I know there is a lot of information in this and I still have a lot to sort through and I am pretty much overloaded on data. I do however think I need some info from current Digg users who have not left. I want to get their opinion to the whole exodus. I am still waiting for some responses; unfortunately I could not post anything on Digg because they don’t take just text comments. I do plan on having loyal Diggers in this though. Also I have a lot of info on demographics but Im not sure how to incorporate it or if I even should. Any ideas?

4 Responses to “Digging the Way to Reddit, the End of the Social News Site Showdown”

  1. Queenie says:

    How/when did Digg become a ghost town?

    I understand that when Digg released v4, some people didn’t like it because it gave much power to companies and stories that got dugg (or appeared on the front page) where more likely to be “sponsored”. Since it gave less power to normal users to submit stories people started moving to Reddit, BUT it all comes down as to what is being defined as successful/failure?
    Digg, looks much better and has more funding…I’m almost sure it makes more money than Reddit.

    • You are right, I will definietly have to be more clear in what I am using to define success. I am defining success based on the number of users and pageviews, not on the amount of money. Digg might be pulling in more money than Reddit (I’m not positive they are though, I’ll do some more research) but they are losing money with every unique visitor that switches to Reddit. Also, they have had a series of executive board reforms based off of missed mergers and failed acquisitions (something that doesn’t really seem successful). Furthermore, I got the whole ghost town feeling when comparing front pages of Digg from last year to front pages of Digg today. As one of my quotes points out there used to be front pages that had links with thousands of Diggs yet now all the front page has are links with at most hundred or so Diggs, even less. Ghost town may be too harsh but it is a phrase that has popped up a number of times.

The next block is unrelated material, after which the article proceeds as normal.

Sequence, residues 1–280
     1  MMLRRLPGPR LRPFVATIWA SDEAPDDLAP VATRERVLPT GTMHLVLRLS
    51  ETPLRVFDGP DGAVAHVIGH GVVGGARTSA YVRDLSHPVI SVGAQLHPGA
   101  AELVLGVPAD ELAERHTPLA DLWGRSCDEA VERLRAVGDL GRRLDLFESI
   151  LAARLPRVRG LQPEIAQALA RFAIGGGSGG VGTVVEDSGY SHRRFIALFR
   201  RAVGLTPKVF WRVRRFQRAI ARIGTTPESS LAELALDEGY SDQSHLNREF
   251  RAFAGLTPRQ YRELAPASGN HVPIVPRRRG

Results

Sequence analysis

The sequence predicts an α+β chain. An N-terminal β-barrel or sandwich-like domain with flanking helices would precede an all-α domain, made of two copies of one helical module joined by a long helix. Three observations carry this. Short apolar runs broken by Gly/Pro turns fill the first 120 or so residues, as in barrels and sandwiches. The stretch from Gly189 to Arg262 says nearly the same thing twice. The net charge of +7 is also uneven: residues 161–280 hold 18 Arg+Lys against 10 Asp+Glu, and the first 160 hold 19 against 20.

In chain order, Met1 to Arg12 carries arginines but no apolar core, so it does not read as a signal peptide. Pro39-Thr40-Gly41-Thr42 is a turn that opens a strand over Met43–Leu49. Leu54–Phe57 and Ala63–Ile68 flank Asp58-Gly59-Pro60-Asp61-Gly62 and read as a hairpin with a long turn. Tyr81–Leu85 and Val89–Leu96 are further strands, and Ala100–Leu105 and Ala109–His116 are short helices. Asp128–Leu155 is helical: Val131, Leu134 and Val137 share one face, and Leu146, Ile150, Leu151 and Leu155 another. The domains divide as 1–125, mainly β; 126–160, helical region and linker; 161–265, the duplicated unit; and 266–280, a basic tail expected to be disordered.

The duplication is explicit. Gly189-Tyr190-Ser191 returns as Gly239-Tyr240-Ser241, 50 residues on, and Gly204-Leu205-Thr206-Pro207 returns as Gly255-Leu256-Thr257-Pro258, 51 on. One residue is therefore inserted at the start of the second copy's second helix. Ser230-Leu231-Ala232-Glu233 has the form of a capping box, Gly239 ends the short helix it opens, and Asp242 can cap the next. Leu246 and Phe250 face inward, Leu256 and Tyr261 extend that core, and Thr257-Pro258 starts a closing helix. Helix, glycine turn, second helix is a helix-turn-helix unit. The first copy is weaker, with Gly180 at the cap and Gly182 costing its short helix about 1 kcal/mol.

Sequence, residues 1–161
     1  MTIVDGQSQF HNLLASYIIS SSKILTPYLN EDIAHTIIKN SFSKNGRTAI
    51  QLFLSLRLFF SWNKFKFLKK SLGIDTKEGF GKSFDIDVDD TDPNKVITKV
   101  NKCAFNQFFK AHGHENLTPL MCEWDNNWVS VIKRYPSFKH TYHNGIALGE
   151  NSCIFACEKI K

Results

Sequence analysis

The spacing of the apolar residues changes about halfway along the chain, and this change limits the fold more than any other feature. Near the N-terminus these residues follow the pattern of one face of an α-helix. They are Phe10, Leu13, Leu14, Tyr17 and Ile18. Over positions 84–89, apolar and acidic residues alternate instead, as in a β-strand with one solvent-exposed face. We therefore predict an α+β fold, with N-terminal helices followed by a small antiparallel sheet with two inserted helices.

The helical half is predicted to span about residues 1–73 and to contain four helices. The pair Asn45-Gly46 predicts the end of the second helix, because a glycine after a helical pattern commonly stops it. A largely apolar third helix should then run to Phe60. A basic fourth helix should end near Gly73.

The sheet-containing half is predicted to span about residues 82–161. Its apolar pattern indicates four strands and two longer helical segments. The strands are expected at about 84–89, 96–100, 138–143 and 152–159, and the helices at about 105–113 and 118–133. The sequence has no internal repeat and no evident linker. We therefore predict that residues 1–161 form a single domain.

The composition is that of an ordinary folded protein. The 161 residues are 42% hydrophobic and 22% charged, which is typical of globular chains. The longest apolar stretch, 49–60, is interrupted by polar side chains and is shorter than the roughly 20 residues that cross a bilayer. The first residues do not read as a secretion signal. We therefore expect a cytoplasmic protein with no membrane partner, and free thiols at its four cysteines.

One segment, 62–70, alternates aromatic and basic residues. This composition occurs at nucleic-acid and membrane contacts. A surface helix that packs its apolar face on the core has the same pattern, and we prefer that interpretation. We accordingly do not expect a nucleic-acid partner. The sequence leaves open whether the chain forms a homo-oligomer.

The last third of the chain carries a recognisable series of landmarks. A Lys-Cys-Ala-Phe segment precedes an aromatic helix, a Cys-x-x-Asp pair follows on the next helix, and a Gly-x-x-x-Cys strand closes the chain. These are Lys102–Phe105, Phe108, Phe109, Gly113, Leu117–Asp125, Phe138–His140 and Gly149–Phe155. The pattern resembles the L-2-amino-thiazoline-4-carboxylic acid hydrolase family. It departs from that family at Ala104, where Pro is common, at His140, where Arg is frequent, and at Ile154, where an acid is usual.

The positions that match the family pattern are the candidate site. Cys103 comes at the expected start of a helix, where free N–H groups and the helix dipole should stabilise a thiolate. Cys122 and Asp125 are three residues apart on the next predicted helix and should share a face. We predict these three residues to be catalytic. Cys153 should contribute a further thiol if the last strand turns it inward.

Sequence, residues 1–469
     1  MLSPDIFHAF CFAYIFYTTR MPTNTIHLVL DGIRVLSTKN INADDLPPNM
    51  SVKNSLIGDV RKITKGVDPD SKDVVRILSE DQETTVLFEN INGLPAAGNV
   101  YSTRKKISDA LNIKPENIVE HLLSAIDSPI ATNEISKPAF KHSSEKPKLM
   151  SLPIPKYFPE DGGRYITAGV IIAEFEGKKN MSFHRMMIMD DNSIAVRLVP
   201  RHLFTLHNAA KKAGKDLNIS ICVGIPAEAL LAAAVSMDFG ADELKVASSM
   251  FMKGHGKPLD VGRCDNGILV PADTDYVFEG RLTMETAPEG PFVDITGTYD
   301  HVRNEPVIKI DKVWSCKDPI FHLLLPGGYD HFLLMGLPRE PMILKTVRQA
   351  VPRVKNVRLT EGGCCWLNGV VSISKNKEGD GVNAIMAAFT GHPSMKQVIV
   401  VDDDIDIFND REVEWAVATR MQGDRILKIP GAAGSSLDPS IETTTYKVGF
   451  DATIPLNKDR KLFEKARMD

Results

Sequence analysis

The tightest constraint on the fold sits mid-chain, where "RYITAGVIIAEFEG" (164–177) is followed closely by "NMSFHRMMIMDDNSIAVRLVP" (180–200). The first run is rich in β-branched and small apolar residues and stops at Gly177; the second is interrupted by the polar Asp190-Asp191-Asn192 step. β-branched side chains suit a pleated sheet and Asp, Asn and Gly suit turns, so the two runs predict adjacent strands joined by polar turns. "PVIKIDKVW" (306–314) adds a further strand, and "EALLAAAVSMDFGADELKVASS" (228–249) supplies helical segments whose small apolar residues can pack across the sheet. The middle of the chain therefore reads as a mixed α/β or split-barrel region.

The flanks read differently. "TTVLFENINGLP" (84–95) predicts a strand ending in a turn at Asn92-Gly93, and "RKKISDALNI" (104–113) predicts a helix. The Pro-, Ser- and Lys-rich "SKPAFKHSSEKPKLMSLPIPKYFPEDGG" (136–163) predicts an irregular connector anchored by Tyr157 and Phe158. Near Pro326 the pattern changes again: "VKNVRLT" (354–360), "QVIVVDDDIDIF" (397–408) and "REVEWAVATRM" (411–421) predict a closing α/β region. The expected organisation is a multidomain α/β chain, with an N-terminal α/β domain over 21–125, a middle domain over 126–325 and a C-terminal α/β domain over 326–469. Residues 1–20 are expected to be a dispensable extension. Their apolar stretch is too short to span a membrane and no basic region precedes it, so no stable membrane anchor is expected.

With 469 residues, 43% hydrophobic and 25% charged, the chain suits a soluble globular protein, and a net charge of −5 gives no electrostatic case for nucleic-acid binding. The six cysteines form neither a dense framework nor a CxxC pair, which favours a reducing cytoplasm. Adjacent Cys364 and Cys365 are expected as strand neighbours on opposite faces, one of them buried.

I totally agree with your point though, talking about commercial success is a great way to give Digg some credit. I also didnt get into the aesthetic of the sites, that is something I think I will most likely talk about because it’s a big part of Digg’s appeal (but a big part of their redesign too). More importantly, I was hoping if maybe you could put me into contact with some Diggers like you who feel passionate about the site even after the v4 release? It would really help me keep things fair. If you dont know anyone else then maybe you and I can have a chat?

  2. Yuna Park says:

    I think that your research is definitely moving in an interesting direction, and what you have gathered so far is fascinating stuff. Much like the decline of sites like MySpace, its hard to pinpoint how or why they falter and ultimately lose out to competitors. I do think it would be useful to get in touch with users who still prefer Digg and see how they are assessing the situation. Also, are there any sites that have since emerged that are also giving competition to Digg and Reddit? (Which may suggest the exodus hasn’t been directly Digg –>Reddit, but Digg –>many other sites)

  3. wasante says:

    The world of internet sites and popularity is a fickle mistress. It has enticed and eluded the likes of a Myspace and the like for many a time to only be replaced by a younger newer model. Why is this? This story is quite interesting especially if you look at the correlation between the handling of advertisements and actual comments and links. This is a true example of the power of the people.